Omar was well enough known to deserve a photograph in Bonney’s History of Pierce County, but not his biography. His civic-mindedness did receive a mention in Town on the Sound: Stories of Steilacoom, however. In 1853, when the town’s founding fathers, led by Lafayette Balch, intercepted Reverend John DeVore on his way from the East to accept a position in Olympia and convinced him to stay in Steilacoom instead, Omar was among those who built the first Protestant (Methodist Episcopal) church north of the Columbia. Then, sometime after the first community library was established five years later by an act of the Territorial legislature, some men were seen trying to make off with its books. In response, “ A ‘committee’ composed of [E.R.] Rogers, W.R. Downey, Nathaniel Orr, and O.H. White, each toting a rifle, proceeded to the wharf where they rescued the books and took them to McCaw-Rogers store.”
At the auction, White spent $1.50 on Richter’s linen coat and hat (25¢), a hay fork (75¢), and a draw knife and hatchet (50¢).
Forty-nine year old William Young seemed to have been a practical man. He spent $1.25 at the auction, acquiring a coffee pot and four plates (25¢), a pick axe and a maul (50¢), and two towels (50¢). Young was a veteran of the Hudson’s Bay Company too, and one of those that had married a local woman, Ya So Leet Sa of the Snohomish, also known as Jane Snohomish and Jane Shelton.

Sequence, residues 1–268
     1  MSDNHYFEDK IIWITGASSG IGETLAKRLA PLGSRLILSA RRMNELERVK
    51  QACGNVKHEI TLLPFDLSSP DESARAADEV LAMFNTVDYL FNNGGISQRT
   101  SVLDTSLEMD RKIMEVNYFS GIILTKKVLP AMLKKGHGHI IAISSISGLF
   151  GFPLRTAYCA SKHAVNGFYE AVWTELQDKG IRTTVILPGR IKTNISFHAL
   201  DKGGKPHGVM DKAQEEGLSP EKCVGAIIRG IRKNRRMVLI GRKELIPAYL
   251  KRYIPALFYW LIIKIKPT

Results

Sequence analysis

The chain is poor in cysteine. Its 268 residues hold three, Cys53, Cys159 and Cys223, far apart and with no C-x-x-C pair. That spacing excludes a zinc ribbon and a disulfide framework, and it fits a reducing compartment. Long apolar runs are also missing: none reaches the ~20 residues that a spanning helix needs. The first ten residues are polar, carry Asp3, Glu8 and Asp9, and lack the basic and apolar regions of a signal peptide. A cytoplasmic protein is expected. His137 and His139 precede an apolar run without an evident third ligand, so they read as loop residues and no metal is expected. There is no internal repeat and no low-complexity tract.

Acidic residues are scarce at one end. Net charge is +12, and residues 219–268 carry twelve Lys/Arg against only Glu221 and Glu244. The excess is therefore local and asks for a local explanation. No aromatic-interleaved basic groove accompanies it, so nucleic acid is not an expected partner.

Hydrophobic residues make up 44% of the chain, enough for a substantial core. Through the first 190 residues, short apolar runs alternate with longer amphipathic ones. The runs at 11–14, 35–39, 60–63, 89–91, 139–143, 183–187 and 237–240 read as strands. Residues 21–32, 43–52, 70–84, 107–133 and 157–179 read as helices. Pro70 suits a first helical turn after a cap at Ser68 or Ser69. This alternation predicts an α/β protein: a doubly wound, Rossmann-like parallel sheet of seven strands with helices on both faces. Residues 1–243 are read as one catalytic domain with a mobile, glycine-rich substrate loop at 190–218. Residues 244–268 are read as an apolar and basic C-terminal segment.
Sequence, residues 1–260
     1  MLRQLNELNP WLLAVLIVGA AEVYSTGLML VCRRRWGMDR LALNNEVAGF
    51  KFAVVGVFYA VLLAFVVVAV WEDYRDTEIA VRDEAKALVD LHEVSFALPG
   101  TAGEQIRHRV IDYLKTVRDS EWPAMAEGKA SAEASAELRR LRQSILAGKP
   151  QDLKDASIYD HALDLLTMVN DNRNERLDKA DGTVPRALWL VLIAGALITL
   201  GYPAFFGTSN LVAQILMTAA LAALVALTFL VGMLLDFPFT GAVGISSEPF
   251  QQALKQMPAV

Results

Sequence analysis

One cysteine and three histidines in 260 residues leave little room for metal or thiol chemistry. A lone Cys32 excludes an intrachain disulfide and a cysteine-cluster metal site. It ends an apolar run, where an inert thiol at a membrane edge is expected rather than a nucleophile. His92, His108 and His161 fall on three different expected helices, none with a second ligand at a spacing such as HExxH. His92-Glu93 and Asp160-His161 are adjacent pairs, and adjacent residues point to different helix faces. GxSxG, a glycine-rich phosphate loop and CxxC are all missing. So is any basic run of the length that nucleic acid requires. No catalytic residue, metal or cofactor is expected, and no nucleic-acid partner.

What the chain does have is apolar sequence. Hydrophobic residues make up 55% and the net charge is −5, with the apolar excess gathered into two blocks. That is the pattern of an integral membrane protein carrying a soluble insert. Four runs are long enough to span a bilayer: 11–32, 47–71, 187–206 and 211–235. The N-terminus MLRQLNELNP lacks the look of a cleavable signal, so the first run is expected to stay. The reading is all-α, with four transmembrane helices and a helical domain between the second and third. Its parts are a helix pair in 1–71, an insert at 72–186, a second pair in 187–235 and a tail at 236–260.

Like the Benstons, who helped care for William Northover’s children after their father’s death, William Young, who was baptized William Young Gullion in February, 1830, was a Scotsman from the Orkneys, and he served at Fort Nisqually from 1850-1859. Ya So Leet Sa gave birth to a daughter, Janet, in March, 1856, during the Puget Sound Indian War, and then sometime later returned to her birth family, leaving Janet with William. The dynamics between the HBC men and their native wives and families were complex, reflecting the former’s desire to acculturate and assimilate the women, and their desire to seek acceptance by their husbands’ social milieu. So it is really no surprise that William, as historian Emma Milliken puts it, “was bringing [Janet] up as a true Scottish lass.”[i] In addition to the basics of cooking, washing the clothes and keeping their cabin clean, he taught her how to read and write, make patchwork quilts, dance the Highland Fling, can fruit, make jams and jellies, pickles, and pies, how to dye yarn (from berry juices), and knit and weave. Apparently also a good Christian, William taught Janet the Ten Commandments, the Golden Rule, and his favorite Scripture passages.